The Good Book:

How To Read The Bible by Richard Holloway (Granta, £7.99)

Along with the likes of Karen Armstrong and Marilynne Robinson, Holloway is one of the best writers on faith and Christianity today. Here, he explores the different ways to read the Bible: as myth, as intertextual document, as a guide to what it means to be human. As accessible as it should be.

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Edinburgh Shorts by Sarah Guppy (Austin Macauley Publishers, £6.99)

The stories in this collection are intelligent enough if not particularly original, but they are seriously marred by appalling editing. The large number of typos, slippages in tense and errors in punctuation are hugely distracting from the potentially intriguing stories of the various lives lived. I hope Guppy thinks twice before using this publisher again.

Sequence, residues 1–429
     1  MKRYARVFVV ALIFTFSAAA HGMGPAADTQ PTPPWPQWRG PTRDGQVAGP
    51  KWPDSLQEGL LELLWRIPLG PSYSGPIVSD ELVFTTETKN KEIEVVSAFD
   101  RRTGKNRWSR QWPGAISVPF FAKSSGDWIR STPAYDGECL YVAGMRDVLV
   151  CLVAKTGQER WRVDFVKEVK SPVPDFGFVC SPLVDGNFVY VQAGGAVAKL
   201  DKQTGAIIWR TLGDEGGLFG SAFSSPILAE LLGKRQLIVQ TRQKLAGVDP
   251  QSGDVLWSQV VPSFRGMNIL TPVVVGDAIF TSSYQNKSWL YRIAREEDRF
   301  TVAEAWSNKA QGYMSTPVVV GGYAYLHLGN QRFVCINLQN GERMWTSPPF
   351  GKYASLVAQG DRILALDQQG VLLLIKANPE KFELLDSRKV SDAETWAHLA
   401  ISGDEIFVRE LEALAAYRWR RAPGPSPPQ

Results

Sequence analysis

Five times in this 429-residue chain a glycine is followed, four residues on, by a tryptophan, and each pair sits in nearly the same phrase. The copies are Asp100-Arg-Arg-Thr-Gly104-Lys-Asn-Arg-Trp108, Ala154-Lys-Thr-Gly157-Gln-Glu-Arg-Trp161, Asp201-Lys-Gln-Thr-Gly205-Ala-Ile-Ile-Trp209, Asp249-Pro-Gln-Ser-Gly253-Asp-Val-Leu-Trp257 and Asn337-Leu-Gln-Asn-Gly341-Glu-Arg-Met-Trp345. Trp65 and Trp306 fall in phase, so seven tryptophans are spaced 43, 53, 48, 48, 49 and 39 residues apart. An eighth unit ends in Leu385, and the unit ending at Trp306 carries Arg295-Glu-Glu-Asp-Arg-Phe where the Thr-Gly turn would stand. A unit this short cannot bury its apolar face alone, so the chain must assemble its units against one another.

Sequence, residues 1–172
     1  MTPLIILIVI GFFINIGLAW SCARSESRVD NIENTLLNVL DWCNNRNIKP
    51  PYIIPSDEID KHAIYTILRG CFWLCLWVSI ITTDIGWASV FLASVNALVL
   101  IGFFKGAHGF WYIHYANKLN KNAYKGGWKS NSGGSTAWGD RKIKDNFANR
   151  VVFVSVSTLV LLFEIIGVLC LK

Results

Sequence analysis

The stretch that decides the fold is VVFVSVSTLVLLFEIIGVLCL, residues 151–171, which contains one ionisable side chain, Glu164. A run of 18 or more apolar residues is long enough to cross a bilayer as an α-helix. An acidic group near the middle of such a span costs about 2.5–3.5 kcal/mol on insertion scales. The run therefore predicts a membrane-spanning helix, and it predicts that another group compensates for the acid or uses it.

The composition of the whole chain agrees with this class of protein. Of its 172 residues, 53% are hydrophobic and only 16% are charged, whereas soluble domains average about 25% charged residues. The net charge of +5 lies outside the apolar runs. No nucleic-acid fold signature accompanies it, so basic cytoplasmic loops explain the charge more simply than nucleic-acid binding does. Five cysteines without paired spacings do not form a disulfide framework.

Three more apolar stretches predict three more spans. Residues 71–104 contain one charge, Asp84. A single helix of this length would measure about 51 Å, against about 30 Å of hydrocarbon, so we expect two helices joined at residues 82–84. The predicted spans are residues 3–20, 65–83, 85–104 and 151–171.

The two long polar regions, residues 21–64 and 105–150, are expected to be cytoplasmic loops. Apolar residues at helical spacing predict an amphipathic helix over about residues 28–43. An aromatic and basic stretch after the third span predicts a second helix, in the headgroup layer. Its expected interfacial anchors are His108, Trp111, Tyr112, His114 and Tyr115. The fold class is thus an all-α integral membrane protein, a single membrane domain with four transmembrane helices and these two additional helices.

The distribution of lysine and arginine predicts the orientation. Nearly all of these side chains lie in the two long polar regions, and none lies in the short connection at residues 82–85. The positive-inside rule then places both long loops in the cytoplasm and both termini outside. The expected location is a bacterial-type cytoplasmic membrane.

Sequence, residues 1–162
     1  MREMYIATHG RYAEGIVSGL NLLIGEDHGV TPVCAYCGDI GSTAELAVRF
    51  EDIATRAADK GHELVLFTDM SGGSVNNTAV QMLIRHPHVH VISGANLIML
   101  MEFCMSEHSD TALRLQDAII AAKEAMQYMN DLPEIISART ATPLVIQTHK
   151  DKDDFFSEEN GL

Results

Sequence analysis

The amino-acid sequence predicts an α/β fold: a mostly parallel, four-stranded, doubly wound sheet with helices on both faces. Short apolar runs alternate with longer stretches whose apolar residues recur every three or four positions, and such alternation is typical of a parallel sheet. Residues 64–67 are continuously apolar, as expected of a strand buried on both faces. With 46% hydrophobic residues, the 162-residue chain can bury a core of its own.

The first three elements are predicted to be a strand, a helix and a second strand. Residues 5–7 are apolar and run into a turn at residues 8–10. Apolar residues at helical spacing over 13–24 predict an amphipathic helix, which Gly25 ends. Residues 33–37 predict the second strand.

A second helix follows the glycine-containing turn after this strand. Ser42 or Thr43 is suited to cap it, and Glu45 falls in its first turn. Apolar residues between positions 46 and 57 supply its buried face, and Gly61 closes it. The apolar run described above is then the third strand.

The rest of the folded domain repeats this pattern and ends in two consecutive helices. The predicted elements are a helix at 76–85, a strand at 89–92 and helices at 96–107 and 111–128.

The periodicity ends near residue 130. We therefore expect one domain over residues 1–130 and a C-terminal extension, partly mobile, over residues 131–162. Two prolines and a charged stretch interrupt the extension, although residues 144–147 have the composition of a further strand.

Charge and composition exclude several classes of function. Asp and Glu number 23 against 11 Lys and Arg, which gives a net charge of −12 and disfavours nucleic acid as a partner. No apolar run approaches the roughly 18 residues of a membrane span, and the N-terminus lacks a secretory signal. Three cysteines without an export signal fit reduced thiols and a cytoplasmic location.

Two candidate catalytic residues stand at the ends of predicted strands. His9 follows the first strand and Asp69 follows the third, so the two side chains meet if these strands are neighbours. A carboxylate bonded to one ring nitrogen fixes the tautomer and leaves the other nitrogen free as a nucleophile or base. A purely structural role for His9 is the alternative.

All That Is by James Salter (Picador, £8.99)

Eighty-seven-year-old Salter does everything younger and newer writers are told not to do: he tells, rather than shows; he doesn't provide specific detail, preferring generic terms where possible; he summarises. Yet for many it works; this life story of Philip Bowman, shown almost in captions from his days in the war onwards, is greatly admired.

Cycle Of Lies: The Fall Of Lance Armstrong by Juliet Macur (William Collins, £8.99)

There can be few more shocking tales of sporting hubris than Lance Armstrong's, exposed as he was for drug-taking and stripped of his Tour de France titles. Why he agreed to have Macur tell his story isn't clear: she is as tough as they come, her prose muscular and direct. She was never going to do him any favours.